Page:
Baker-Nunn camera

Also found in: Dictionary, Thesaurus.

Baker–Nunn camera

(bay -ker nun) A wide-field astronomical camera, similar to the Schmidt camera (see Schmidt telescope), designed for satellite tracking. It uses a spherical primary mirror but replaces the Schmidt correcting plate with a three-element achromatic correcting lens.
Collins Dictionary of Astronomy © Market House Books Ltd, 2006
The following article is from The Great Soviet Encyclopedia (1979). It might be outdated or ideologically biased.

Baker-Nunn Camera


an apparatus for photographing artificial earth satellites against the background of stars; it is also called a satellite camera. The optical system is the Schmidt system with a tricomponent correcting system; the diameter of the correcting lens measures 508 mm, and the aperture ratio is 1:1. The focal surface is almost spherical in shape; the angular dimensions of the frame are 5 × 30°. The camera is mounted on a base having vertical, horizontal, and orbital axes. Such a system permits the optical axis of the camera to inscribe any large circle with an angular velocity ranging from 0 to 7,000’’/sec. The shutter is of an obturator type, and its performance is registered to an accuracy of 0.0001 sec. The satellite’s position is registered on a photograph to an accuracy of 2–3’’. The camera is named after the American firms that manufacture the optical and mechanical parts of the instrument (J. Baker and J. Nunn, respectively). It was constructed in the USA in 1957 by F. L. Whipple and J. A. Hynek.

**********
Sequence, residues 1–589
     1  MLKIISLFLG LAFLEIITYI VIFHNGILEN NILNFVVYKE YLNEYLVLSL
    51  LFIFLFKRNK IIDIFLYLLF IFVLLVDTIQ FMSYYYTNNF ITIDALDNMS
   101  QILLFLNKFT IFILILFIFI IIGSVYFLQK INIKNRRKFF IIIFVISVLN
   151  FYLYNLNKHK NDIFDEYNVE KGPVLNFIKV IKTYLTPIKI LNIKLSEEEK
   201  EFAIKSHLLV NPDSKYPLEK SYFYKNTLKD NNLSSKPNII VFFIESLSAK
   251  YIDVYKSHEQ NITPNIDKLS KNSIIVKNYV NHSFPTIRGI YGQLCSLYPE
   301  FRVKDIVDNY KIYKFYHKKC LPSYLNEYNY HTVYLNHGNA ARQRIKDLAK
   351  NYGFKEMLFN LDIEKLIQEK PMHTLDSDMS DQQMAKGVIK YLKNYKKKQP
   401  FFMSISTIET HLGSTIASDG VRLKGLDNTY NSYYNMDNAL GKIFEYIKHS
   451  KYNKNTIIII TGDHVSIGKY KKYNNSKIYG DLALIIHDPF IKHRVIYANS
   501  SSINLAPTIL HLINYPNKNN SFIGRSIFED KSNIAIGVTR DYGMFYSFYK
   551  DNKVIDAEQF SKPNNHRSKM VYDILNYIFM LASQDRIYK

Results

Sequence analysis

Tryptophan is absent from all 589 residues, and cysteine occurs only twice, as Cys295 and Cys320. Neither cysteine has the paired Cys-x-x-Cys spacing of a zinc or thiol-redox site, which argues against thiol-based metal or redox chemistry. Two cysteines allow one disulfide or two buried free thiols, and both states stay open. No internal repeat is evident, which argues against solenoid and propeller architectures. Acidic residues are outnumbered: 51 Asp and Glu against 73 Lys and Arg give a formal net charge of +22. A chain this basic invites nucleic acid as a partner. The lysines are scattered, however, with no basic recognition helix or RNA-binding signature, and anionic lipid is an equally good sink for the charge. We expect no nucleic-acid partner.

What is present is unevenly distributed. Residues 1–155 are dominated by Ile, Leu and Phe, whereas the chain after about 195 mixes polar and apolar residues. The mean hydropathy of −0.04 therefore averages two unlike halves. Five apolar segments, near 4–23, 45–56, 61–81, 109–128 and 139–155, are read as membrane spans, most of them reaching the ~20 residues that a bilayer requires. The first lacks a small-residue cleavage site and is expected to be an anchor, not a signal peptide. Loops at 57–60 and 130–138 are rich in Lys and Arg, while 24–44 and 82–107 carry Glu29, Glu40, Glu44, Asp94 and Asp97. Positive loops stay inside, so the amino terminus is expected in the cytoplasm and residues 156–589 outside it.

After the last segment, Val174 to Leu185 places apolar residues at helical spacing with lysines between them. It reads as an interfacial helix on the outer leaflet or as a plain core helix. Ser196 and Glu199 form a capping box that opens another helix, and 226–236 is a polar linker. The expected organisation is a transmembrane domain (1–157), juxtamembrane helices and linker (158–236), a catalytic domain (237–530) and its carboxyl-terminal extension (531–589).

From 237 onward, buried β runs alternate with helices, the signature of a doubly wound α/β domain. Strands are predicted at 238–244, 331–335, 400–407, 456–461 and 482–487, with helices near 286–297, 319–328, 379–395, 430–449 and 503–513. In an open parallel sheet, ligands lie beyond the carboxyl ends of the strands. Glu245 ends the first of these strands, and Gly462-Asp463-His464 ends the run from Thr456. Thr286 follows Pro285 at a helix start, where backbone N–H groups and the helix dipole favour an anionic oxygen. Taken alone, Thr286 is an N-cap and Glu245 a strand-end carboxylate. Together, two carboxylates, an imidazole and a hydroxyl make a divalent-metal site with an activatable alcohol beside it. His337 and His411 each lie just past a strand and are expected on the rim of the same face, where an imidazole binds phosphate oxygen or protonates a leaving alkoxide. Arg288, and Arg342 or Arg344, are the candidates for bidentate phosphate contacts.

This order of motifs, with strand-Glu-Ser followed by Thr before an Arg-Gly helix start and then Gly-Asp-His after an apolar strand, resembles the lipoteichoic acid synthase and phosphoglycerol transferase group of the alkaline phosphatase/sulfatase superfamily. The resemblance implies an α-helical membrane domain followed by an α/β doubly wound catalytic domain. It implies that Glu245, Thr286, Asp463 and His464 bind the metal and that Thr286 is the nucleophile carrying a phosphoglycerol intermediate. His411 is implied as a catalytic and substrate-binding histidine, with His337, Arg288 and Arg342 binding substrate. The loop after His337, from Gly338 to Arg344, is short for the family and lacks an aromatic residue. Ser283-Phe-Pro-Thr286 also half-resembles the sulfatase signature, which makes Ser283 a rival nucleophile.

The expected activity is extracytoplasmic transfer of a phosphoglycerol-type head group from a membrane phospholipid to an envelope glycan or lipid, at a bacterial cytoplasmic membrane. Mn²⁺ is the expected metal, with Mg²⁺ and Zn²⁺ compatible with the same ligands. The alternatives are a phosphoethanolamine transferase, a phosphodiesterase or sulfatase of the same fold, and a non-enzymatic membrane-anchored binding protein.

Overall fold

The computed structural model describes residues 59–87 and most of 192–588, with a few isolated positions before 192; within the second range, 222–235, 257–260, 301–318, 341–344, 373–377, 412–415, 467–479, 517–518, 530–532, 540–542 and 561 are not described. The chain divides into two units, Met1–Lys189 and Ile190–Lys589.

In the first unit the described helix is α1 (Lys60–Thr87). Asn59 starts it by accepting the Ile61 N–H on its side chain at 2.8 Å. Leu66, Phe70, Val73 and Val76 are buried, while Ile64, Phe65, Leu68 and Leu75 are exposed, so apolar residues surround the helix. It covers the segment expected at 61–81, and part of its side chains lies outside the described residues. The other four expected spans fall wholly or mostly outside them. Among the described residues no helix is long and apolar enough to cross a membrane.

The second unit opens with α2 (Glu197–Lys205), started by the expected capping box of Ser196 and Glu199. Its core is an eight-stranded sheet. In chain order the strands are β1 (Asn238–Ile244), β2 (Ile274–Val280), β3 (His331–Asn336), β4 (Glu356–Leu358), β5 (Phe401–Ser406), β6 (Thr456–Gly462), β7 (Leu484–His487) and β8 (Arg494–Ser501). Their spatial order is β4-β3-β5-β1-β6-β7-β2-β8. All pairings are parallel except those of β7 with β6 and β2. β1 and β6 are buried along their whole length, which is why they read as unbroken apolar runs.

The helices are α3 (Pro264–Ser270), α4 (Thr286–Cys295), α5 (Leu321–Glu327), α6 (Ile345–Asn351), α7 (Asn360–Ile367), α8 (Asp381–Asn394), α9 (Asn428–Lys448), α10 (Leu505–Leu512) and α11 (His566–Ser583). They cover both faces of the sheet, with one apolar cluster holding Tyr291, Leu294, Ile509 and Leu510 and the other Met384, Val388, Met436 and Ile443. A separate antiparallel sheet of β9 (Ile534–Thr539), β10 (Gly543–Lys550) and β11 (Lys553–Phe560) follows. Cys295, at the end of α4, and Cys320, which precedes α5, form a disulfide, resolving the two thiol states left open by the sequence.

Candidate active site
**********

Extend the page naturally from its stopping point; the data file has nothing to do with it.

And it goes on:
The Great Soviet Encyclopedia, 3rd Edition (1970-1979). © 2010 The Gale Group, Inc. All rights reserved.

Baker-Nunn camera

[¦bāk·ər ¦nən ′kam·rə]
A large camera with a Schmidt-type lens system used to track earth satellites.
McGraw-Hill Dictionary of Scientific & Technical Terms, 6E, Copyright © 2003 by The McGraw-Hill Companies, Inc.
References in periodicals archive ?
Moonwatch volunteers provided much of the initial orbital information on Sputnik, because Baker-Nunn cameras were only then being deployed and Minitrack, which had become minimally operational only a few days earlier, was designed to detect radio signals transmitted by U.S.
During the first two months of 1959, SPACETRACK was designated System 496L, and the Cambridge Research Center purchased five Baker-Nunn cameras to support R&D projects and tracking operations.
In June 1961 Roy resigned from the CSIR and returned to work at the Baker-Nunn camera until May 1964.
However, the network of Baker-Nunn cameras hadn't been built, let alone shipped to their stations worldwide, by early October 1957.